Those of you who have followed the birth, burial, and current resurrection of “Decision Support” may recognize the three-legged stool analogy for this topic. Decision Support has been discussed
as the marriage of three components: data, dialogue and mathematical models. These components have been independently addressed by three disciplines: information science; cognitive psychology; and
mathematical modelers (management science/operations research/statistical analysis). In the past, DA has focused almost entirely on the design and management of the data component. Mathematical
modelers have researched and discussed the management of the math models, but not the data.
IRM is forced, by business need, to address the management of both the data and the mathematical models. The following thoughts are offered to expand the readers thinking about the management of
the mathematical models which I will characterize in three types:
- Business rules
- Complex algorithms (not covered in this article)
Management of Calculations
Many calculations used in business today are buried in macros executing in spreadsheets and are therefore: undocumented, non-standardized and virtually invisible to the organization. Companies who
have OLAP applications in production against a warehouse have already been confronted by the need to manage calculations. OLAP provides both the need to standardize and the opportunity to
manage calculations because it elevates the visibility of the calculations. Because of the power of calculations and the potential for misunderstanding, standards and consistency of
calculations may be even more important than they are for data that is extracted, transformed and loaded into the warehouse from source systems.
Management of Business Rules
It is interesting to see how important business rule management is becoming to the IRM community. Business rules, from a decision support perspective, are used by companies both to monitor and
control the efficiency of their operational processes and to govern the empowerment of their employees to make decisions. It’s this latter use that caught my attention because no operational
decision-making is done without constraints. The values and relationships contained in the constraints which bound operational decision-making authority are a form of business rules, which must be
monitored, controlled, and improved.
The tracking and improvement of both transaction process efficiency and operational decision-making effectiveness is one of the primary targets of OLAP decision support.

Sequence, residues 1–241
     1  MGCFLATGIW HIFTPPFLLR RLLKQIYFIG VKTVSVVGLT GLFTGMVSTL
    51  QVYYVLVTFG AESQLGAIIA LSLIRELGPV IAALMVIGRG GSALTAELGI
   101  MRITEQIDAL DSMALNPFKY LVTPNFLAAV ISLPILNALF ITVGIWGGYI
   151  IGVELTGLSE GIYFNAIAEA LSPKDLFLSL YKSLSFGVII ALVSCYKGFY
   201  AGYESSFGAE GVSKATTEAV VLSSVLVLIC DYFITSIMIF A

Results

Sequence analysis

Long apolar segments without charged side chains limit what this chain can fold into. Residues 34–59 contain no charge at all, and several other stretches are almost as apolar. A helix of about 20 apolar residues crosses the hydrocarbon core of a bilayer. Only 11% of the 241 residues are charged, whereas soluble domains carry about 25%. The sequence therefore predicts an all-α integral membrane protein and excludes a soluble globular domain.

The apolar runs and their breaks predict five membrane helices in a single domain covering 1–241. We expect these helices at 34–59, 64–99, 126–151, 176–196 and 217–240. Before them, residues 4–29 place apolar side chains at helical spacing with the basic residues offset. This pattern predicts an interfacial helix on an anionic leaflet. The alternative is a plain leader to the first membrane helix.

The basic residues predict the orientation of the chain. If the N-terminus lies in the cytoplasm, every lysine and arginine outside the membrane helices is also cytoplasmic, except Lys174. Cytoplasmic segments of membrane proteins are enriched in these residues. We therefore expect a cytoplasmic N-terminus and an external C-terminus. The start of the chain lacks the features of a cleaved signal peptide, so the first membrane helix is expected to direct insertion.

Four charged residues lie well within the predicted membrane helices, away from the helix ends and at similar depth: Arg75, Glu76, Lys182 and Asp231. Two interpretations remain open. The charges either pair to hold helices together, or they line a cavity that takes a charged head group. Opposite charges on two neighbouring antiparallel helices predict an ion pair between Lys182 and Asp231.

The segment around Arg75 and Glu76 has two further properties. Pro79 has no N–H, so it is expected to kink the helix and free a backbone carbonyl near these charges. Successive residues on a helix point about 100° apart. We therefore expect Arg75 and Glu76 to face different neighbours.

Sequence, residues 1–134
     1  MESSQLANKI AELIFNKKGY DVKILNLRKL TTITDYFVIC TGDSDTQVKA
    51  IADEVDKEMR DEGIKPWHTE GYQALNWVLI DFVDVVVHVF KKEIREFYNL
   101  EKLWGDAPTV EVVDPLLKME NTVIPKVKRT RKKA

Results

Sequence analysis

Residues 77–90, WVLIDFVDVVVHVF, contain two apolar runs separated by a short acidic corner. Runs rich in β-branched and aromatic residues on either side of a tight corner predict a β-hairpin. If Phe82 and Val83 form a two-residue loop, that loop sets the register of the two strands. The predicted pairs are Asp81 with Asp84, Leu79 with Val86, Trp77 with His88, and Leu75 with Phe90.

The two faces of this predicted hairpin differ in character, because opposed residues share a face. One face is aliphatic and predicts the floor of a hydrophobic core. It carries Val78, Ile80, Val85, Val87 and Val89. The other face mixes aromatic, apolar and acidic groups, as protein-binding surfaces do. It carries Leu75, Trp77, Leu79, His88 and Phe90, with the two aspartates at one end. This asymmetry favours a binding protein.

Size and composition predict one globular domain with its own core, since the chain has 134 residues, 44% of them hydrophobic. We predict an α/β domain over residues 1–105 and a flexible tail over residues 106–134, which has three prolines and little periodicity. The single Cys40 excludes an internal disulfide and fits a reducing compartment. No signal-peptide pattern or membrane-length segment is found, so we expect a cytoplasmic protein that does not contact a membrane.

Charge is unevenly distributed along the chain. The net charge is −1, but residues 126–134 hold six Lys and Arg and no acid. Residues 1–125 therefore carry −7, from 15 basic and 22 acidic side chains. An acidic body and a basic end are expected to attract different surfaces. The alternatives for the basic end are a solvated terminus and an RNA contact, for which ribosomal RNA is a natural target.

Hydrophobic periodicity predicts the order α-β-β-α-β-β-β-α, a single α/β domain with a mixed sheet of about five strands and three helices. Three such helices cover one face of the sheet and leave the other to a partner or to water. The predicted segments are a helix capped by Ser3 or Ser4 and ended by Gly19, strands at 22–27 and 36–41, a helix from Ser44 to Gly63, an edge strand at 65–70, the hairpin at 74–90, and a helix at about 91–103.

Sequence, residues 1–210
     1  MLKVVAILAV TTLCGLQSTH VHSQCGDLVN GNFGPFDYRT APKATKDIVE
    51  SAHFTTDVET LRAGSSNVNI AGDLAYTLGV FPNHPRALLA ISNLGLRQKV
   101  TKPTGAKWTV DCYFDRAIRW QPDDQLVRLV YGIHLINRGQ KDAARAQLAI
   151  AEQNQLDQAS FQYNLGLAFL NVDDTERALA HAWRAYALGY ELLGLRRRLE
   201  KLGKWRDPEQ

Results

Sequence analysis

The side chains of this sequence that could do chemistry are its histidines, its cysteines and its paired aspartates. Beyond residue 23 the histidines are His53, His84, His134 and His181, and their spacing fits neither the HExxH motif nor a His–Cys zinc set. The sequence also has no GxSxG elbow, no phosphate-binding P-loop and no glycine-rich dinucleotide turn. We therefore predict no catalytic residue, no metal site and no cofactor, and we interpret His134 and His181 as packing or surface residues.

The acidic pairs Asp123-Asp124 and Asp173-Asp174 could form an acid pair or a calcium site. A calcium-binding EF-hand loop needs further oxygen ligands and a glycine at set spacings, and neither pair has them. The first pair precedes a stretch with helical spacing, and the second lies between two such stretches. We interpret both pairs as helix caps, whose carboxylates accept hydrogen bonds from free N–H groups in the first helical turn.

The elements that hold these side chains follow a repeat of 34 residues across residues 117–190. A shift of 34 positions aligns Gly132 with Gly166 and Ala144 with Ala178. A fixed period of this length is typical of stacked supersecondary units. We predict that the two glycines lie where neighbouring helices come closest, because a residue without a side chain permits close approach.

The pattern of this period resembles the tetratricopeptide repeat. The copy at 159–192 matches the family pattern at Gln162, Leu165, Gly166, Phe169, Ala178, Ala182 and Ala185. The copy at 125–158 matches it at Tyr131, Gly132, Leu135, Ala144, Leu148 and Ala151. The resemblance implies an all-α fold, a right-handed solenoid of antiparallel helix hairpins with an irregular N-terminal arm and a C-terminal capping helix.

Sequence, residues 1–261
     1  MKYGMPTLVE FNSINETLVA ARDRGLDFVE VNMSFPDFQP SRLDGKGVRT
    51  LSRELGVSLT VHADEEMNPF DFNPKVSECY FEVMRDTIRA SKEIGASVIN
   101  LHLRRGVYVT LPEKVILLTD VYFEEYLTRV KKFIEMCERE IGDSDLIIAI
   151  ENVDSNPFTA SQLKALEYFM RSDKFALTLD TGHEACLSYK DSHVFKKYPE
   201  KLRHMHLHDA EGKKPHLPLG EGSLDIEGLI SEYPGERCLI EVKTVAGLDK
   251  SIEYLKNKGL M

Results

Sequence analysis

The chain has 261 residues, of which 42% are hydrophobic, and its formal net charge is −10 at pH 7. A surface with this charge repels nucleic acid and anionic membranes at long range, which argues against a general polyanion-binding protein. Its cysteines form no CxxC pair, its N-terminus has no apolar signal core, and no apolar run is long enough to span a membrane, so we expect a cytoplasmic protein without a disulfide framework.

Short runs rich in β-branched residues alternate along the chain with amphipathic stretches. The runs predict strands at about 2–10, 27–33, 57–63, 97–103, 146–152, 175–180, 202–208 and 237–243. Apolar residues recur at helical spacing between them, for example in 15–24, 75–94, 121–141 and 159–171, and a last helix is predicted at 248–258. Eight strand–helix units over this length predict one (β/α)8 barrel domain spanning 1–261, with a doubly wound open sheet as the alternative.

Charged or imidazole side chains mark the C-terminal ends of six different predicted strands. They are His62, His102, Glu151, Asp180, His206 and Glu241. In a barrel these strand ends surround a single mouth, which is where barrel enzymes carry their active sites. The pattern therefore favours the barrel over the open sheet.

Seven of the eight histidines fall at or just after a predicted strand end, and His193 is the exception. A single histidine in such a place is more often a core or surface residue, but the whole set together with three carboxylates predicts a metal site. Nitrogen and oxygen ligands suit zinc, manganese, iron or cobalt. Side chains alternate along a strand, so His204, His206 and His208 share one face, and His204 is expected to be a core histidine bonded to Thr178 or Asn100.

Management of Complex Algorithms
Consider where evolutionary design of decision support systems will take us in the coming years. Once end-users trust their warehouse, we will be allowed to unleash the power of mathematical models
(e.g. data mining, statistical analysis, optimization techniques) against that same data. The mathematical modeling community has addressed ‘model management’ for years, but this is not
the same repository-type management with which the typical IRMer is familiar. It has to do with the monitoring, control and improvement of the components (e.g. coefficients, exponents) within the
math models and the documentation of the underlying assumptions contained within the model. Because of the power of the mathematical models used in decision support, this topic will become at least
as important to IRMers as data management is today.
Hitch your wagon to a star.
Why this title? Those of you familiar with OLAP’s world of dimensions and facts have already figured it out. For those of you who aren’t, dimensions and facts are what make up the star
schema. Decision support, especially the OLAP aspect of decision support, provides recognizable, immediate corporate value-added that is as dependent on IRM as it is on the use of OLAP access.
Therefore, the DA industry should not only look to the meta data repository of the source systems feeding the warehouse, but more importantly look to the enterprise warehouse and hitch their wagon
to the OLAP star schema.